This paper will focus on one stage of their work, the years between the late 1960s and the latter 1970s. High inflation, sharp increases in unemployment, low productivity, stagnation, and a wave of strikes created great difficulties for workers, union leaders, management, and government. NWLB vets—most prominently, John Dunlop, Sylvester Garrett, and David Cole—were temporarily able to overcome those difficulties by constructing “corporatist-style” agreements and boards between union and business leaders and arbitrators in steel, construction, and other industries. However, their efforts soon broke down, as corporations united in the Business Roundtable and other alliances that fought unions on a scale not known since the early 1920s. Appointed to a series of posts by Presidents Nixon, Ford, and Carter, Dunlop repeatedly attempted to persuade political leaders and corporate presidents and board chairman to co-operate with unions but was repeatedly rebuffed. “The present and future labor-management-government scene is treacherous,” he remarked in 1985. However, not every Labor Board vet failed in that era. One exception was Marvin Miller, a Labor Board economist who joined the Steelworkers union headquarters in 1950 and became an advisor to the union’s president and a key figure in the union’s new conflict-resolution agreement with Kaiser Steel after the 1959 steel strike. In 1966 Miller left the steel union to become a new director for the Major League Baseball Players Association. Under Miller’s leadership many ballplayers earned high salaries, retired players acquired good pensions, and the Major League Baseball Players Association became one of the most powerful unions in American labor history. “Instead of pointing to the sky, today’s players should be pointing to Marvin Miller,” Hall of Fame pitcher Jim Bouton once remarked.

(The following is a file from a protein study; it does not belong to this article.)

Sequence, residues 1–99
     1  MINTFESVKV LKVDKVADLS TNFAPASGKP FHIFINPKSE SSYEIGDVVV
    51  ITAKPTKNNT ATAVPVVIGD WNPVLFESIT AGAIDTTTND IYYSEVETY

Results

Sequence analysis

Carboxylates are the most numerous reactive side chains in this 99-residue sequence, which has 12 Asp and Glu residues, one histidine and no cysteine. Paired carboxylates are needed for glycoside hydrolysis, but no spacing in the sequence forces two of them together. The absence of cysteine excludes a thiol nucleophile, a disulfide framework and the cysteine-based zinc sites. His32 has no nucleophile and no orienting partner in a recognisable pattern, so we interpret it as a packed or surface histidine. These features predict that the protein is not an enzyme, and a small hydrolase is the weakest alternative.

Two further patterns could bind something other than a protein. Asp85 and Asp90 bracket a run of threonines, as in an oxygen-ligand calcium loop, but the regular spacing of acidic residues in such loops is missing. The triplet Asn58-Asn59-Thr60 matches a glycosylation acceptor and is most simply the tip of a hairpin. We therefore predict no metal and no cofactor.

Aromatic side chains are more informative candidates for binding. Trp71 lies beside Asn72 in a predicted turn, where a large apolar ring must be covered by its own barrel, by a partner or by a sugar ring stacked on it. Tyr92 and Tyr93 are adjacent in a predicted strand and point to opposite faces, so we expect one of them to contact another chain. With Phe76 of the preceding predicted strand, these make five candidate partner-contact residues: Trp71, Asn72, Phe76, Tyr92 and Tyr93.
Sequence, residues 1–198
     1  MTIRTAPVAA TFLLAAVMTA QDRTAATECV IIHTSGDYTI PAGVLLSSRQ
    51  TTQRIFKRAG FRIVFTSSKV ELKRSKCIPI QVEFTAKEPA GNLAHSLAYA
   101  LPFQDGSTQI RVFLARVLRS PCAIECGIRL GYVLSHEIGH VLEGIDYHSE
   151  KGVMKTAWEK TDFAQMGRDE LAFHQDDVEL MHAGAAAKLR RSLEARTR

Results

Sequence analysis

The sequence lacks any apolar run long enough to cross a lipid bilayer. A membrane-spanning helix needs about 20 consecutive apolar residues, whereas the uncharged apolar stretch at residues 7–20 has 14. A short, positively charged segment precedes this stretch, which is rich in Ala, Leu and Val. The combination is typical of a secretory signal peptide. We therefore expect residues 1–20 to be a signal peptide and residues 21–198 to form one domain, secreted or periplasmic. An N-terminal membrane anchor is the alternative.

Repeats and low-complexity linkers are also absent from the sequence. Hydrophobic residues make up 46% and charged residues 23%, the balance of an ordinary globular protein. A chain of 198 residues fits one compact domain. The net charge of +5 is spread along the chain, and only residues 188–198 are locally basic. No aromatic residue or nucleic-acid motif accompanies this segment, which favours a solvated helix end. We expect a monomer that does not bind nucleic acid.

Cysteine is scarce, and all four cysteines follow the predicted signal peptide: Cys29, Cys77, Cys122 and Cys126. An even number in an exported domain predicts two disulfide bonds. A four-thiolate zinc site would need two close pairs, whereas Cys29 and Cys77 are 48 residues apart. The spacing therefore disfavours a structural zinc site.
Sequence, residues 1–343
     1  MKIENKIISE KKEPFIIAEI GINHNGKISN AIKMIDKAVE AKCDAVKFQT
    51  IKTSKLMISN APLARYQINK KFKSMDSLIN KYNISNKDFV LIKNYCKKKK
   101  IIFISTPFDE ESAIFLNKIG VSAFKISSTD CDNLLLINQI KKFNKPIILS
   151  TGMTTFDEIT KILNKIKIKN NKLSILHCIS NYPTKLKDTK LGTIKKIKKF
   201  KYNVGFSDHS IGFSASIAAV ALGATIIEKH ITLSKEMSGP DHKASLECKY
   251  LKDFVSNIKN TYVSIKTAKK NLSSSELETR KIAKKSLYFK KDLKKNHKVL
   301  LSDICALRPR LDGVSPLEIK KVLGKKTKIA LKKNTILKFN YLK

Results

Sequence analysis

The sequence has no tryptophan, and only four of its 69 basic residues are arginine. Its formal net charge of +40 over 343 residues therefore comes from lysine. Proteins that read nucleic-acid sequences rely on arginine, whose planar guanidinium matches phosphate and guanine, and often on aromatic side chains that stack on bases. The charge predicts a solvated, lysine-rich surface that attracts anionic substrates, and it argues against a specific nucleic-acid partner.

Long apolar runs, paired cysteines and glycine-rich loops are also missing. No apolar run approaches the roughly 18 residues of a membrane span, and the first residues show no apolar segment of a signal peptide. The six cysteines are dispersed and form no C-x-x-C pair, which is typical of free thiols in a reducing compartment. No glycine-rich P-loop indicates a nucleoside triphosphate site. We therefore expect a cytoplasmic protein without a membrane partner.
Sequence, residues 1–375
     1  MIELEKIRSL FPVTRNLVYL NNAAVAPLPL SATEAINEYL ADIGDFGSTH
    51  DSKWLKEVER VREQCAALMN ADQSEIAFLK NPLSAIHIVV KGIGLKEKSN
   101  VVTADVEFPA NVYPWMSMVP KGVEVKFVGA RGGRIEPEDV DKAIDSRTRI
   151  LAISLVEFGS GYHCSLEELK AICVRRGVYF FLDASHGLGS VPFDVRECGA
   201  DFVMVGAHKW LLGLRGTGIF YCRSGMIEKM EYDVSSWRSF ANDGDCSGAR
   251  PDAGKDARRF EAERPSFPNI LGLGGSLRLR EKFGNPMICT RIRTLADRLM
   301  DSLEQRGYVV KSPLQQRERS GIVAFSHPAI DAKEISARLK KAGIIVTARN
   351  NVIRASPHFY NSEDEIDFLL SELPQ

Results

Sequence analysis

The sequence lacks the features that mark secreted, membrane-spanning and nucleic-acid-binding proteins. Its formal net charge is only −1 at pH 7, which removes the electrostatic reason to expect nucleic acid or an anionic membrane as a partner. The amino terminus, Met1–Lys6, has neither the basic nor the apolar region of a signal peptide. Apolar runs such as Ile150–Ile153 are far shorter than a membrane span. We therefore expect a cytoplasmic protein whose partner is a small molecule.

Ronald W. Schatz, Wesleyan University
Dunlop’s Deal: Anatomy of a Corporatist Failure in the Clinton Era